Outside of Sona, the promises made by Bongbong Marcos | Inquirer News

Outside of Sona, the promises made by Bongbong Marcos

By: - Content Researcher Writer / @inquirerdotnet
/ 11:36 AM July 28, 2022

Outside of Sona, the promises made by Bongbong Marcos

President Ferdinand Marcos Jr. during his first State of the Nation Address, July 25, 2022. PHOTO PBBM FACEBOOK PAGE

MANILA, Philippines—President Ferdinand “Bongbong” Marcos Jr. delivered his first State of the Nation Address (Sona) on Monday (July 25), but missing from his first key speech as president were promises made during the campaign and shortly after winning the presidential race.

Marcos, who won with over 31 million votes last May 9, addressed Filipinos for one hour and 14 minutes, highlighting a 19-point legislative agenda, including a “rightsizing program,” which he said will make certain the efficient use of resources.


READ: FULL TEXT: President Marcos’ 1st Sona

Inside the Batasang Pambansa, home of the House of Representatives where 1,360 individuals were expected to watch his first Sona, Marcos gave a glimpse of his first few days as chief executive and his plans for the next six years. “The state of the nation is sound,” he said.


READ: Marcos’ first Sona: ‘The state of the nation is sound’

Senate President Juan Miguel Zubiri said Marcos’ Sona was clear and comprehensive, stressing that it was not a simple address as “the President delivered a plan for a better nation.”

Zubiri told ANC that Marcos’ speech was “amazing”—one that tackled many things: “He touched on so many topics that were so vital for the development of our country. It was quite refreshing to hear that. So I was very happy and very pleased.”

This, as the president said that “we have, and we will continue to find solutions [to problems],” saying that he already instructed the National Economic Development Authority to work on the 2023 to 2028 Philippine Development Plan.

However, Senate Minority Leader Aquilino “Koko” Pimentel III said there were things that Marcos left out in his first Sona, like the end to contractualization, fight against corruption, and protection of human rights.

INQUIRER.net sent this message to Press Secretary Trixie Cruz-Angeles to get the Palace reaction to Pimentel’s statement:

“Ma’am I’d like to ask for Malacañang’s comment on Sen. Koko Pimentel’s statement that there were some issues and promises that President Marcos Jr. failed to address/tackle in his first Sona. Thank you so much.”


The reply was brief: “No comment.”


INQUIRER.net talked to political science experts at the University of the Philippines Diliman, who said that while a Sona cannot go through everything, it gives a glimpse of the government’s priorities.

RELATED STORY: Bongbong Marcos’ 1st Sona: Inheriting Duterte problems, plotting solutions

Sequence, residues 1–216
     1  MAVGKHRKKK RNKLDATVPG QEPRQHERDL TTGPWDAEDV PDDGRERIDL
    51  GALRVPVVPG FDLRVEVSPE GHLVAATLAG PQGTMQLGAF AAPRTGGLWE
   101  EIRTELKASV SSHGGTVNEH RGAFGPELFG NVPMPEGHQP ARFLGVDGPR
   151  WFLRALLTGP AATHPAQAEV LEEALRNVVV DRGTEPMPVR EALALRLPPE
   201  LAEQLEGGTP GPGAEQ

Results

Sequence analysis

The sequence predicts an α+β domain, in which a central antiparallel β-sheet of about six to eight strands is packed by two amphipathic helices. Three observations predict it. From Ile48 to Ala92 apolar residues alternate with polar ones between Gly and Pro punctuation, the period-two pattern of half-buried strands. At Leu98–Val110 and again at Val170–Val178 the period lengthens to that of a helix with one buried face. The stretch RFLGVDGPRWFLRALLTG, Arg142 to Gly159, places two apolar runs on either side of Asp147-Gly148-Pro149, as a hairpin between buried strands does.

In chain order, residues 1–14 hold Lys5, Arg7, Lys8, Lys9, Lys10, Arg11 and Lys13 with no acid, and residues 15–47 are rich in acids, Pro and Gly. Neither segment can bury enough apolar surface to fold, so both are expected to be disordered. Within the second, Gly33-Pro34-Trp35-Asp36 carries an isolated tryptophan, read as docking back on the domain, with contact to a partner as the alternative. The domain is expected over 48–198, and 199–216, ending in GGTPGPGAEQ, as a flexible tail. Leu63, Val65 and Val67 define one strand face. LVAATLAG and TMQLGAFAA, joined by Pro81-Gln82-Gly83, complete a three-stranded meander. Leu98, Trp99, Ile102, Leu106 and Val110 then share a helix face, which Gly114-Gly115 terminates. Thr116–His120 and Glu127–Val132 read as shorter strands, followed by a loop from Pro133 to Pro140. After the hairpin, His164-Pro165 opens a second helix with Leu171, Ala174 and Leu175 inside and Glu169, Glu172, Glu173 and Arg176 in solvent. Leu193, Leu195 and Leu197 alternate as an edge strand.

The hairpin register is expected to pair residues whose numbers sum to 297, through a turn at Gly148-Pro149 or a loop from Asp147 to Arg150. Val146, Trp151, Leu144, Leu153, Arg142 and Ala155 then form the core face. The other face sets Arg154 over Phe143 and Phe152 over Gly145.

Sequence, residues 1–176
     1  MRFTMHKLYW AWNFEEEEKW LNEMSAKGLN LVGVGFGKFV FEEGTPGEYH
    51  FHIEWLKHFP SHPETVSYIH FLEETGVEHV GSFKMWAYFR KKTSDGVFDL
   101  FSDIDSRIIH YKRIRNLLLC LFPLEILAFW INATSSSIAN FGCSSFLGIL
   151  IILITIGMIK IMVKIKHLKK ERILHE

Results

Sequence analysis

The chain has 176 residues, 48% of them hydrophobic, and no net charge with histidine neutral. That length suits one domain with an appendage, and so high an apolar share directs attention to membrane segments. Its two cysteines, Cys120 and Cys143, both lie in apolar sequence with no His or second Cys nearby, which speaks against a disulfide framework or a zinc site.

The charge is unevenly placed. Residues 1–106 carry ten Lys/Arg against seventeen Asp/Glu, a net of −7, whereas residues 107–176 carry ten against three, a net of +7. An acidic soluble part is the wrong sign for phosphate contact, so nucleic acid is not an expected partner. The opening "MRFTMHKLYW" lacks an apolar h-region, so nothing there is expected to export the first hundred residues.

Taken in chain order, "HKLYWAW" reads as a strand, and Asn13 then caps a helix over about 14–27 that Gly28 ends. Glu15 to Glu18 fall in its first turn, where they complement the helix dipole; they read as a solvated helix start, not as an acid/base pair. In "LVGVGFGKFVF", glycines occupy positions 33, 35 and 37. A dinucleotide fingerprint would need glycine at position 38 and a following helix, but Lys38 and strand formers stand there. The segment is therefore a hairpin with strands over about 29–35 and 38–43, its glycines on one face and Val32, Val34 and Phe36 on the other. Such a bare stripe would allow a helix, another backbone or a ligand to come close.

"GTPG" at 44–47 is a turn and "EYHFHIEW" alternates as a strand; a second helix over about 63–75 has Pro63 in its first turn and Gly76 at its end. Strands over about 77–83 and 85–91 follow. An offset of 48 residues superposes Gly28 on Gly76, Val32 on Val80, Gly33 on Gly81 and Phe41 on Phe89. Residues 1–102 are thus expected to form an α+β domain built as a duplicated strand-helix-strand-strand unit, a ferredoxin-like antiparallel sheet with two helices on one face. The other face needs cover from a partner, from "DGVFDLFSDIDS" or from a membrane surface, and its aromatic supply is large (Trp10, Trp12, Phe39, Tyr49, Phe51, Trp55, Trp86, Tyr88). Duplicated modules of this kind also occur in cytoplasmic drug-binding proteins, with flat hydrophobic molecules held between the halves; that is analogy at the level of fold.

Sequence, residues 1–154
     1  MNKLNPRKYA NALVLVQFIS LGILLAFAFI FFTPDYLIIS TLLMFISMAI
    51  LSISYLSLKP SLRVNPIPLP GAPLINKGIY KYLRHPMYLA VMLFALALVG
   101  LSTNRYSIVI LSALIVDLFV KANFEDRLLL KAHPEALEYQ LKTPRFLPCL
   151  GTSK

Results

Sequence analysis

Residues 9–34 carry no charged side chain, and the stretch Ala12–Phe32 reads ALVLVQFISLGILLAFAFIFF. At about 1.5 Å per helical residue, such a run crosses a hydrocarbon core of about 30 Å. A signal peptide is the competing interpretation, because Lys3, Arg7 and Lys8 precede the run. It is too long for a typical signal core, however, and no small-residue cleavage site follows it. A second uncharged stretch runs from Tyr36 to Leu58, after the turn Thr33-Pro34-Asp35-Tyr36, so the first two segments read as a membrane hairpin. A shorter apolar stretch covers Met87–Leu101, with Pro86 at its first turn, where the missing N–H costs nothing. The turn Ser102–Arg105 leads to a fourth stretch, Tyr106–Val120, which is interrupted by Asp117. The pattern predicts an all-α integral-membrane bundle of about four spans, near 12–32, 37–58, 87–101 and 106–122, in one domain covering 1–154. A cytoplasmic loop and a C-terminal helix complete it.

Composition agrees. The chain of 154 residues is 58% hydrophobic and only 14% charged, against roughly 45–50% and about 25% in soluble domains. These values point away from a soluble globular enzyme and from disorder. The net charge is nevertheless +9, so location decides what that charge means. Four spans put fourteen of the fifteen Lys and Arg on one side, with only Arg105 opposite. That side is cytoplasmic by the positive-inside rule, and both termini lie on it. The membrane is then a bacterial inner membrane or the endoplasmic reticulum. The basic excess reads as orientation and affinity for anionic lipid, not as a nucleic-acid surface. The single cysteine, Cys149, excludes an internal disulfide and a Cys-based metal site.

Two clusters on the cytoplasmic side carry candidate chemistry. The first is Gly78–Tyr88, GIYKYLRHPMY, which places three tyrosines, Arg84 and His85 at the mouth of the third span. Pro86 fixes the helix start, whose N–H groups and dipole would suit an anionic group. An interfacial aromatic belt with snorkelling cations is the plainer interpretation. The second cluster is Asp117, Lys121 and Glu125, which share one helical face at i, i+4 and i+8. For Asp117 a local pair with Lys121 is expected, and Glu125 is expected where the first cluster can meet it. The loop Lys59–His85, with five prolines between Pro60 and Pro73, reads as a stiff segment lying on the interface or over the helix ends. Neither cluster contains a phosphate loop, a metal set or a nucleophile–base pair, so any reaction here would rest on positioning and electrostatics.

“In a way, the Sona combines a president’s wish list for the legislature (through a proposed legislative agenda) as well as an assurance to the Filipino people that he will fulfill his campaign promises,” said Professor Maria Ela Atienza.

Atienza said the first Sona of a president lays out the priorities and agenda of his or her administration not only for the next year, but for the entirety of his or her presidency.

Assistant Professor Enrico Gloria stressed that the “hits and misses” in Marcos’ address “could be an indication that there are more pressing issues that he would like to emphasize as priorities for his first year in office.”

He said there are just so many things that a chief executive can reflect in his Sona, so the public ought to press accountability based on the President’s broader commitment, which he has expressed.

For Assistant Professor Sol Iglesias, the silence on a campaign promise or issue could mean a lot of things—it is just not a priority, it has been dropped altogether, or the government cannot say anything definite now.

Gloria, however, stressed that Filipinos should continue seeking accountability for the promises of Marcos: “The public must continue to be mindful of the promises, included or excluded in the Sona, in demanding accountability from the new government.”

INQUIRER.net listed down some of the promises that Marcos made since last year—promises that he missed in his first Sona as the 17th chief executive of the Philippines.

  • War vs. illegal drugs

It was on Oct. 7, 2021 when he said he will continue then President Rodrigo Duterte’s war on drugs. However, he stressed that he will focus on prevention, education on the ill-effects of drugs, and improvement of rehabilitation centers.

“Teach children that doing drugs is bad, the health implications. Improve rehab centers, not all are functioning properly. Enforcement, we have seen, can only take you so far,” Marcos had told CNN Philippines.


The Philippine Drug Enforcement Agency (PDEA) said that as of April 30, 6,248 drug suspects had been killed in the government’s war—deaths, which rights groups said, could be as high as 30,000.

Swedish Ambassador Annika Thunborg said Marcos committed to continue the war on drugs “within the framework of the law and with respect for human rights.”

Thunborg said on June 10 that Marcos will “focus on rehabilitation and socio-economic development,” something that is “very much appreciated on my government’s side as well.”